The 2018 International Building Code (IBC) has adopted the new ASCE 7-16 Minimum Design Loads and Associated Criteria for Buildings and Other Structures (Standard) and it is not just the title that is new. The 2018 IBC and the Standard should be widely adopted by 2019. Below are some of the highlights of the new wind provisions from the ASCE 7-16 Standard:

  • New Updated Maps
    • Based on new test data various regions have been revised.
  • Ke Factor *New*
    • The new factor, “adjust the velocity pressure to account for the reduced mass density of air as height above sea level increases” (July 2018 Structure Magazine). Most of our work at Lewis & Van Vleet, Inc (LVVI) has been in and around the Willamette Valley, therefore the Ke factor is 1.00. Some of our work has been in Bend, OR which has an elevation of 3,623 feet. In that region the wind would get reduced by a factor of approximately 0.86.
  • Rooftop Equipment
    • The ASCE 7-10 limited rooftop equipment to a mean roof height to h < 60 feet. ASCE 7-16 has eliminated this limitation thus making it acceptable for buildings for all heights. It should be noted that if an office building is designed for Risk Category II, but the equipment on the roof also serves a facility next door that is a Risk Category IV, then the equipment is design for Risk Category IV.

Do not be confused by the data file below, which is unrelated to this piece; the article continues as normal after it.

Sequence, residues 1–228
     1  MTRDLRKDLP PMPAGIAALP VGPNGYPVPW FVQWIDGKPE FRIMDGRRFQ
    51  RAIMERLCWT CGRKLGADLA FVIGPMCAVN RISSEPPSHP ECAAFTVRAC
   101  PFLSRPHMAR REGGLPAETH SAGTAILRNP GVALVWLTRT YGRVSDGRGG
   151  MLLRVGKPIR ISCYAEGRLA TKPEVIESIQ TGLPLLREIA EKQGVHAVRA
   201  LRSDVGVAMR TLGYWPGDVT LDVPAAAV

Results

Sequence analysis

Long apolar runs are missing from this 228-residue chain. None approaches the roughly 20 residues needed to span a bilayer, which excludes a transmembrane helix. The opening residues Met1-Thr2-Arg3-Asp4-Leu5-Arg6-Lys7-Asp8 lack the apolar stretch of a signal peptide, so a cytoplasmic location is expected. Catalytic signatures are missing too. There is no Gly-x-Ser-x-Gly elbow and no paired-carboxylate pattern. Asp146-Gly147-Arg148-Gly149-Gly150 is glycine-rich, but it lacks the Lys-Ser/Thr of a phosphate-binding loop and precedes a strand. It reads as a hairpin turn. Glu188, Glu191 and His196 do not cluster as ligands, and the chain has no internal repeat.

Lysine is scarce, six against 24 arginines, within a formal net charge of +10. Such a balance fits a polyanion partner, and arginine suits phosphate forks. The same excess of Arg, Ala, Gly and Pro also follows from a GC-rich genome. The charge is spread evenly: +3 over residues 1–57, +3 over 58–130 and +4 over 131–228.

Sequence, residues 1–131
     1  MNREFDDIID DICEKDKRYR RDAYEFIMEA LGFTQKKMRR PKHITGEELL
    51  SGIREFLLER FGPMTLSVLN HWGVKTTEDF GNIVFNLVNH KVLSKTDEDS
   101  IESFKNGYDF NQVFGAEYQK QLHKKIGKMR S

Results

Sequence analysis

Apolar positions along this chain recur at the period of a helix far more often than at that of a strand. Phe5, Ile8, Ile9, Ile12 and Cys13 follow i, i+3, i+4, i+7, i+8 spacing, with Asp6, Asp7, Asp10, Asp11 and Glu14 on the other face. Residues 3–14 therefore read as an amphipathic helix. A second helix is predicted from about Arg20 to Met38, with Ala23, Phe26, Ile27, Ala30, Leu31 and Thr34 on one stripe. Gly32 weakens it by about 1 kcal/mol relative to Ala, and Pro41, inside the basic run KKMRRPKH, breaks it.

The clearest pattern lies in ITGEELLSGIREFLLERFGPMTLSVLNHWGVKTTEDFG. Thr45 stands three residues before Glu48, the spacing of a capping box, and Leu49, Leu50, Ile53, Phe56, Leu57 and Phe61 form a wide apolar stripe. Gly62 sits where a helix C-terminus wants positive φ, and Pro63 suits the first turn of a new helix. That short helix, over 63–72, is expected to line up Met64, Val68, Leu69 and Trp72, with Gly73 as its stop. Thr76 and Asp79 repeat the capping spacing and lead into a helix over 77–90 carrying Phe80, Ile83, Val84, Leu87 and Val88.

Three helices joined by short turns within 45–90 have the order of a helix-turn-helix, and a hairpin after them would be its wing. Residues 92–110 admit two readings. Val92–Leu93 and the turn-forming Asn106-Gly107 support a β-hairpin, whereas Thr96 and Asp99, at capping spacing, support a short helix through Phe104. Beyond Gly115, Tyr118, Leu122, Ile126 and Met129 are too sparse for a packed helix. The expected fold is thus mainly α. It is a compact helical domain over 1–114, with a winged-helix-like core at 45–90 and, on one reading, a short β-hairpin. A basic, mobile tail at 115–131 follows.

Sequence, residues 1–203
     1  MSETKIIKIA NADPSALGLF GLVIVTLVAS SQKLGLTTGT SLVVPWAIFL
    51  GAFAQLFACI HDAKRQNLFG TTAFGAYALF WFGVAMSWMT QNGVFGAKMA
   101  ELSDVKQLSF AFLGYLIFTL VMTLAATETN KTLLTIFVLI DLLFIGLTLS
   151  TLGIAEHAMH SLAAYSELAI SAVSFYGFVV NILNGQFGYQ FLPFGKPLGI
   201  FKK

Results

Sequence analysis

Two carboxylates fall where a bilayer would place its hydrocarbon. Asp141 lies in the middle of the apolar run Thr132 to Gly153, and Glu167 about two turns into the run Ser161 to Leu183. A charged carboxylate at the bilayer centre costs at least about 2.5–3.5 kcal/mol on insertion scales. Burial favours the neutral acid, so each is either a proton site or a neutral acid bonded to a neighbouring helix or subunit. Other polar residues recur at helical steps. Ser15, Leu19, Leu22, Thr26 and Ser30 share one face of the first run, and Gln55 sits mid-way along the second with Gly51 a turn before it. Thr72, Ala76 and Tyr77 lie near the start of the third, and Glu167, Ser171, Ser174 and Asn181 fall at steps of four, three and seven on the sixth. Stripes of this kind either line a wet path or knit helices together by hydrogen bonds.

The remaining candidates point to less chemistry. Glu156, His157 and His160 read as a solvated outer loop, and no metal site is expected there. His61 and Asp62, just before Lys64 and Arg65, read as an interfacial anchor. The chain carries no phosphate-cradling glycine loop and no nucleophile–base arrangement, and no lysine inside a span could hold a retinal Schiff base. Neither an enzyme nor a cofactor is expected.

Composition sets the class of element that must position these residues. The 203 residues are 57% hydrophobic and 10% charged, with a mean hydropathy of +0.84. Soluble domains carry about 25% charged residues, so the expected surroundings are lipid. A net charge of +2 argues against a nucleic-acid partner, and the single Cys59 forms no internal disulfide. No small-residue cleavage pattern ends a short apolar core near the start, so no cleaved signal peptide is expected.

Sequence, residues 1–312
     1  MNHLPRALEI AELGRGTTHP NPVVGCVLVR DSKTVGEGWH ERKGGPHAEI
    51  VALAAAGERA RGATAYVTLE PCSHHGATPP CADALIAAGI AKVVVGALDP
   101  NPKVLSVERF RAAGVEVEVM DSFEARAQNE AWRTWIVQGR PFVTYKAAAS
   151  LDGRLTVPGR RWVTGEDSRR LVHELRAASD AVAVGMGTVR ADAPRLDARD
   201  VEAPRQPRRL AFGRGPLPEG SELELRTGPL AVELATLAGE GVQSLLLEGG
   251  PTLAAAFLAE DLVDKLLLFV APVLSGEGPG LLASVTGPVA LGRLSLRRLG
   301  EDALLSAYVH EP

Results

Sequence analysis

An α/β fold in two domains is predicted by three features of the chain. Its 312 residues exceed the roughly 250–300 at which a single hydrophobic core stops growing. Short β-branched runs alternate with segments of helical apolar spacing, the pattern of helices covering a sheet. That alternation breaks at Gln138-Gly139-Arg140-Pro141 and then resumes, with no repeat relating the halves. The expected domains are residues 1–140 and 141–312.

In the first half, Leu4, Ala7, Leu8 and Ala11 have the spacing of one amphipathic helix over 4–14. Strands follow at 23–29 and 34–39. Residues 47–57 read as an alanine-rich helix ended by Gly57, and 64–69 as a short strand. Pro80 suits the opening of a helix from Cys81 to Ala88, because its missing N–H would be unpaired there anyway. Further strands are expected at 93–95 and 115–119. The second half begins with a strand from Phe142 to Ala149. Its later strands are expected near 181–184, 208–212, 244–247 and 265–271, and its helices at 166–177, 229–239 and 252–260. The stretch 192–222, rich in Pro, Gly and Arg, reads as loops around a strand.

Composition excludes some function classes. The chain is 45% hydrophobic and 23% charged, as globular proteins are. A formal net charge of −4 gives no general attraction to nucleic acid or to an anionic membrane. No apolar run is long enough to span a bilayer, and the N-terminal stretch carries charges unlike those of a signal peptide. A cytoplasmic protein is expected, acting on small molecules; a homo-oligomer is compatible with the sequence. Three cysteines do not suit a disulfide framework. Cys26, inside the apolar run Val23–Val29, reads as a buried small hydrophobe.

• Rooftop Solar Panels and Wind
    • The past Standard did not have a provision specific to solar panels on roof. The new ASCE 7-16 Standard now provides guidance to the design of wind effects on solar panels. They have provided two methods for design – 1. low-sloped roofs (slope < 7 degrees) and 2. any roof slope.
  • For h < 60 feet – Roof Pressure Coefficients and Attached Canopies round out the new and revised provisions.

Safety and reliability has been improved with these new provisions. The engineer will need to assess their previous design methods and adopt those set forth in the upcoming Standard.